An award-winning pilot made a 'textbook emergency landing' on a Minnesota interstate Wednesday, only hitting a vehicle once it landed on the busy highway.
The single-engine Bellanca Viking plane landed and hit a vehicle, temporarily closing part of the highway Wednesday night in the St. Paul suburb of Arden Hills, officials said.
Footage from the Minnesota Department of Transportation (MnDOT) shows the moment 52-year-old Craig Gifford miraculously landed the plane on 35W.
'While this isn't *quite* what we mean by a "multimodal transportation system," we're glad no one was injured and are impressed by the pilot's effort to zipper merge from above,' the MnDOT said in a Facebook post.
Scroll down for video
The single-engine Bellanca Viking plane landed and hit a vehicle, temporarily closing part of the 35W highway Wednesday night in Arden Hills, Minnesota
Two people were on board, KMSP-TV reported, and authorities said no injuries were reported.
Gifford, a Minneapolis resident, is a competitive aerobatic pilot - a sport that involves flying aircraft in a series of maneuvers.
Experimental Aircraft Association spokesman Dick Knapinski said Gifford represented the United States in international competition in 2017 and 2019 on the Unlimited Aerobatic Team, which took home the bronze medal at the world championships in South Africa in 2017.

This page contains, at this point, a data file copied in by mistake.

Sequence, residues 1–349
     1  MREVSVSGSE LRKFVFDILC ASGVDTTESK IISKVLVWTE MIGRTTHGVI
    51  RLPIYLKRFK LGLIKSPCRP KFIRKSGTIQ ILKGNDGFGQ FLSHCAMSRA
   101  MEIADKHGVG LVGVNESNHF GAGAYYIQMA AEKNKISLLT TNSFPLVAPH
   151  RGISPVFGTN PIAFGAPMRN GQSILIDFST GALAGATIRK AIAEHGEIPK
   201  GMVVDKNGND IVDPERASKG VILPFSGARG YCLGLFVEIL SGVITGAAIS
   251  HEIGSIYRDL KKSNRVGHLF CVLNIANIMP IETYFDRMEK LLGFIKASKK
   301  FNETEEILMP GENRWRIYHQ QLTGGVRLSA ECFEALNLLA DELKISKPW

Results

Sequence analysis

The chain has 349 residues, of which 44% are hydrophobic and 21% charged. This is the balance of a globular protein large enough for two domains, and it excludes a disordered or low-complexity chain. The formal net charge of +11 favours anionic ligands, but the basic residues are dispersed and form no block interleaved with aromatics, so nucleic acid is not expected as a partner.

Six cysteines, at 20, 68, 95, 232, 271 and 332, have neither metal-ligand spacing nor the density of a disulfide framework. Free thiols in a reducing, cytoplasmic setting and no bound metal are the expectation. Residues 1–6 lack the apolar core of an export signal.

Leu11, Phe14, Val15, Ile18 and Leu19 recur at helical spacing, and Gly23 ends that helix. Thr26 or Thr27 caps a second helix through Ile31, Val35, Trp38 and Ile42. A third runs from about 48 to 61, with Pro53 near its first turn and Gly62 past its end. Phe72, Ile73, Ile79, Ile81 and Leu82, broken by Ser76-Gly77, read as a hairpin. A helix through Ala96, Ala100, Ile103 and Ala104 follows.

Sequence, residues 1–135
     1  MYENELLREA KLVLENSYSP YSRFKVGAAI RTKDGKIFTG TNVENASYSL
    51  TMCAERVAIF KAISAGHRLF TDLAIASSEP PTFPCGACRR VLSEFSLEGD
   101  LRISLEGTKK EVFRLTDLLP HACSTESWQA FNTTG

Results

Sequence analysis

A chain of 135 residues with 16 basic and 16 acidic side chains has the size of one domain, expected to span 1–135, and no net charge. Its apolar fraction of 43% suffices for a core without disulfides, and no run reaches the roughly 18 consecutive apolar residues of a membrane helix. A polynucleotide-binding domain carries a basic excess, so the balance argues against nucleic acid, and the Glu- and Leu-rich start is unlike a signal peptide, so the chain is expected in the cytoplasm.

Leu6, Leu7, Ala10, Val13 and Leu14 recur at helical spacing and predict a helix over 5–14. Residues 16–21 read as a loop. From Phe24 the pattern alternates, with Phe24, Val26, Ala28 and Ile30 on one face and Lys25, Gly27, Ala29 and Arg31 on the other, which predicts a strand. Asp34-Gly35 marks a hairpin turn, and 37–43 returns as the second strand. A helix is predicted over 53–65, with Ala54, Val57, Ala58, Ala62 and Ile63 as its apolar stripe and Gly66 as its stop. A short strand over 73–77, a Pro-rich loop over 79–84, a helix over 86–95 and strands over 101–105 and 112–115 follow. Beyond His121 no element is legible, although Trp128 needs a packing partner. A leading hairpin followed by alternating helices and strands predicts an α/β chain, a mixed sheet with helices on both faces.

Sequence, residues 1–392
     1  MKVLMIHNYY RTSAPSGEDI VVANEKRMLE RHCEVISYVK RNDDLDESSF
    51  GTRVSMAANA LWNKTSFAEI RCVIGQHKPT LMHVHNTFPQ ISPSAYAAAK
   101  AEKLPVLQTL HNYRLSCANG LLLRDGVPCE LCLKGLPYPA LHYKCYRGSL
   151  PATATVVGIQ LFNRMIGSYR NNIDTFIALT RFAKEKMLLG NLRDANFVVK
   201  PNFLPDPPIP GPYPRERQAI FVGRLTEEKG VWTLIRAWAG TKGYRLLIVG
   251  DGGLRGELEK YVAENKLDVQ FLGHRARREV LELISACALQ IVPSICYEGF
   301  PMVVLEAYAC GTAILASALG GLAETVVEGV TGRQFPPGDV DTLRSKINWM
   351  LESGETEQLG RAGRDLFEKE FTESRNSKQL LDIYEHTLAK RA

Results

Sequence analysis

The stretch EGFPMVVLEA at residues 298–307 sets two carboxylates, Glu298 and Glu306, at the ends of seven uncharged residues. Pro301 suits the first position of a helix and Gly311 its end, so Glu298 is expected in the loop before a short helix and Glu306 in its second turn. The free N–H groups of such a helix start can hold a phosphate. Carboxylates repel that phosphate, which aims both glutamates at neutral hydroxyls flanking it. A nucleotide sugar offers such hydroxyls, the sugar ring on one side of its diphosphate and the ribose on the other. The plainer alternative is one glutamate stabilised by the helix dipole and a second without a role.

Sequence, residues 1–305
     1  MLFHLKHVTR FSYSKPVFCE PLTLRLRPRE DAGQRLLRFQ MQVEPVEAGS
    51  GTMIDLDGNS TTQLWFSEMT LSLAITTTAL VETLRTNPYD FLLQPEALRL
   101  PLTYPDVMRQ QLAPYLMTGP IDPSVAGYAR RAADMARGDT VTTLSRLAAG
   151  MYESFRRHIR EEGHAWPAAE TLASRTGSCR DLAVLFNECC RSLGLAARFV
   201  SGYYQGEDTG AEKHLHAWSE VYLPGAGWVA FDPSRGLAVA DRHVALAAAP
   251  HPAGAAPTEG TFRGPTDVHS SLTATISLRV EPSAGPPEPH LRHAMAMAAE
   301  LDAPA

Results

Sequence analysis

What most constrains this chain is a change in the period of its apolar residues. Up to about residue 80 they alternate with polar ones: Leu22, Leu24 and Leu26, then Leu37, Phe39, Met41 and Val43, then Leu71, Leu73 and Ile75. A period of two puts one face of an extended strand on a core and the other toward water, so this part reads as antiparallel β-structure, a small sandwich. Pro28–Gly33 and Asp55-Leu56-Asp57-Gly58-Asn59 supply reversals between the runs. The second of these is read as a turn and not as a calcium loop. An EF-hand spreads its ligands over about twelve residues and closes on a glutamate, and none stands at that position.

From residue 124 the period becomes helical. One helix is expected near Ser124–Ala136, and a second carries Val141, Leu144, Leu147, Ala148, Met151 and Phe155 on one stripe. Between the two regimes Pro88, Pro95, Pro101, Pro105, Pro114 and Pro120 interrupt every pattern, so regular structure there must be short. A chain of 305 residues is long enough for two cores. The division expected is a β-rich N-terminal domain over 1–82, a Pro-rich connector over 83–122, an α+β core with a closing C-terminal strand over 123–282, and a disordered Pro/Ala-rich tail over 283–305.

Footage shows the moment Craig Gifford made the miraculous landing in the St. Paul suburb
The landing was described as a 'textbook emergency landing' by Experimental Aircraft Association spokesman Dick Knapinski
Knapinski said pilots take aerobatic training lessons to learn how to better maneuver aircraft in emergency situations, which he said explains how Gifford´s skills helped him pull off the 'textbook emergency landing' on the interstate Wednesday night.
'Pilots are trained to deal with emergency engine problems and things like that if you have to make an emergency landing, and so the combination of that training and certainly (Gifford´s) aerobatic training really paid off in this situation,' he said.
Gifford declined to comment, citing the ongoing investigation into the incident by the Federal Aviation Administration and National Transportation and Safety Board.
Two people were on board and authorities said no injuries were reported